Just 39% of people who have drawn up a will ‘plan to split assets equally’
Fewer than half of people who have drawn up a will plan to share out their assets equally between beneficiaries such as family members and friends, a survey has found.
Only two-fifths (39%) of those who have drafted a will plan to split their assets equally between beneficiaries, Direct Line Life Insurance found.
Settling old scores after death and evening up differences in wealth between loved ones could be behind people’s decisions to divide their assets into amounts of varying sizes.
Looking at why some people stand to receive more than others, the way they have behaved, how well-liked they are and how wealthy they already are may have an influence on how much they will get from a will, the research found.
Some people also plan to repay financial support that they were given back to people in their will, the survey of more than 2,000 people found.
Across the UK, people in Belfast who had drawn up a will were particularly likely to have split assets evenly, with 55% saying they had done so, compared with 30% of those in Brighton and Edinburgh, 31% in Sheffield, 32% in Newcastle and 34% in Cardiff, the survey found.
People in London were in line with the UK average, with 38% of people who had drafted a will there saying they had split assets equally.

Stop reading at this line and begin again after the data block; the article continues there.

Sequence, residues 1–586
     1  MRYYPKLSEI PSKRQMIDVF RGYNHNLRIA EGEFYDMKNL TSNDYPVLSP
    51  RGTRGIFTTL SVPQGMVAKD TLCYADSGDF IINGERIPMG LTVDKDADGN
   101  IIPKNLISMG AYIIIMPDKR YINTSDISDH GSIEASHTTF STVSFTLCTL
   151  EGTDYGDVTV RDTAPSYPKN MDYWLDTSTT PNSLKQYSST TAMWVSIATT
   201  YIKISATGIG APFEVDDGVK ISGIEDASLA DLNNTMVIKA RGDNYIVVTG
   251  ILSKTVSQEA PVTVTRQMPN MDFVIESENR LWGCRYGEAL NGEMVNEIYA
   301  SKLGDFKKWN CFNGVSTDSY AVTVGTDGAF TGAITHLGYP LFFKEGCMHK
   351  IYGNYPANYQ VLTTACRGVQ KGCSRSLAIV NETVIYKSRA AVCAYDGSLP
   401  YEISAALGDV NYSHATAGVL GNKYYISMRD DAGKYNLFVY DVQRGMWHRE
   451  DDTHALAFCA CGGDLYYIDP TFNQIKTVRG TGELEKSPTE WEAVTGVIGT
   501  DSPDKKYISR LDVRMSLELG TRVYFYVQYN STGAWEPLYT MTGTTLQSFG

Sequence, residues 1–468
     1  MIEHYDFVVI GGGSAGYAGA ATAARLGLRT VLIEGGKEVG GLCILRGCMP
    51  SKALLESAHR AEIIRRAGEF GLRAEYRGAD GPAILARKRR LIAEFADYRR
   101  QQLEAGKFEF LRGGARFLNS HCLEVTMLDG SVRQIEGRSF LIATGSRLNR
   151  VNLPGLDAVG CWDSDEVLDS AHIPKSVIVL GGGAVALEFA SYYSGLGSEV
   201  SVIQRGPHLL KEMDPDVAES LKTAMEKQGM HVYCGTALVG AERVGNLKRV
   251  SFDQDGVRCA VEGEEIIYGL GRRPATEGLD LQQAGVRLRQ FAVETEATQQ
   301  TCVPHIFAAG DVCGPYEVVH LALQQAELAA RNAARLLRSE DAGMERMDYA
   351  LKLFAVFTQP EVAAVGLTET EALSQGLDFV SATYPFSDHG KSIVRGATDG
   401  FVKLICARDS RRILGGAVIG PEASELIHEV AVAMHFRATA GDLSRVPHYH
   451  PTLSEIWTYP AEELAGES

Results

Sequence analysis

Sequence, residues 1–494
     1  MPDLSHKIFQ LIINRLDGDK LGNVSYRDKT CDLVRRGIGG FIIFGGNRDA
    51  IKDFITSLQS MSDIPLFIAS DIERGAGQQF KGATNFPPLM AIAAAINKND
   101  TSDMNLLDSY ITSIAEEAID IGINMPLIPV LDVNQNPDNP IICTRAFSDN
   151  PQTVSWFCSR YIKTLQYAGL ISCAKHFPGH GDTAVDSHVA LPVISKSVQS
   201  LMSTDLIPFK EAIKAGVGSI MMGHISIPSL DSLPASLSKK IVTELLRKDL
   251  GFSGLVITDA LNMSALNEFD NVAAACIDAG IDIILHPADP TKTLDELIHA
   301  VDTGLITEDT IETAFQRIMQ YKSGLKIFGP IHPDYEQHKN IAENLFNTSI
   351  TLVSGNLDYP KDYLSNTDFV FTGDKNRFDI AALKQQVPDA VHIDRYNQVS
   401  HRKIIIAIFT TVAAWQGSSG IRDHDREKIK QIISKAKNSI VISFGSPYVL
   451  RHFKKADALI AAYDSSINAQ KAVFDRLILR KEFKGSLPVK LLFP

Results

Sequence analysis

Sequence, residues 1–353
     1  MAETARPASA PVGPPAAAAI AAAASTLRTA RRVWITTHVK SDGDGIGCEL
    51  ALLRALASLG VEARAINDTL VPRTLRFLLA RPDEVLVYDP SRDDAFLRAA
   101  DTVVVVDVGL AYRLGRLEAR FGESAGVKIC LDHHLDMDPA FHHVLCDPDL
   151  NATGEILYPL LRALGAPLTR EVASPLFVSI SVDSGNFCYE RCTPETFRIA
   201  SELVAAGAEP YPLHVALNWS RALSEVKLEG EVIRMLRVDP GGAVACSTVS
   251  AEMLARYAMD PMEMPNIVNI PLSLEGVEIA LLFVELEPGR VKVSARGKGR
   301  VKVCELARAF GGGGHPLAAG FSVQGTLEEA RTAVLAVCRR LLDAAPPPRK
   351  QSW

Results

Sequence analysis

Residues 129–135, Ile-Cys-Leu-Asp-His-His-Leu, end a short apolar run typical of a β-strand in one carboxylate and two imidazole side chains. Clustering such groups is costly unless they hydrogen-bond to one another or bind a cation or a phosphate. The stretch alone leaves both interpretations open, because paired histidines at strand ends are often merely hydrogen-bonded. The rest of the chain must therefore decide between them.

The research also suggests that people’s current spouses or partners are the most likely people to benefit in a will, followed by first-born children, with younger siblings being less likely than older ones to benefit – perhaps because some people have not got around to amending their will to reflect their expanding family.
Older generations were more likely to say they wanted their assets to be shared out equally after they had died, with 49% of over-55s planning to split their estate evenly compared with a quarter (25%) of adults aged 34 and under planning to give beneficiaries an equal share of their estate.
More than half (56%) of those surveyed have not got around to writing a will – potentially meaning their assets may not end up where they would have wanted them to go. This included a third (34%) of over-55s surveyed who said they have no will in place.
Jane Morgan, business manager at Direct Line Life Insurance, said: “Death is never an easy topic to discuss, but should the worst happen it is a conversation you are likely to have wished you’d had.
“Leaving a valid will is crucial, as intestacy rules do not take into account the various family dynamics people face in the UK and can be made more complicated by multiple marriages, divorces, children and step-children.”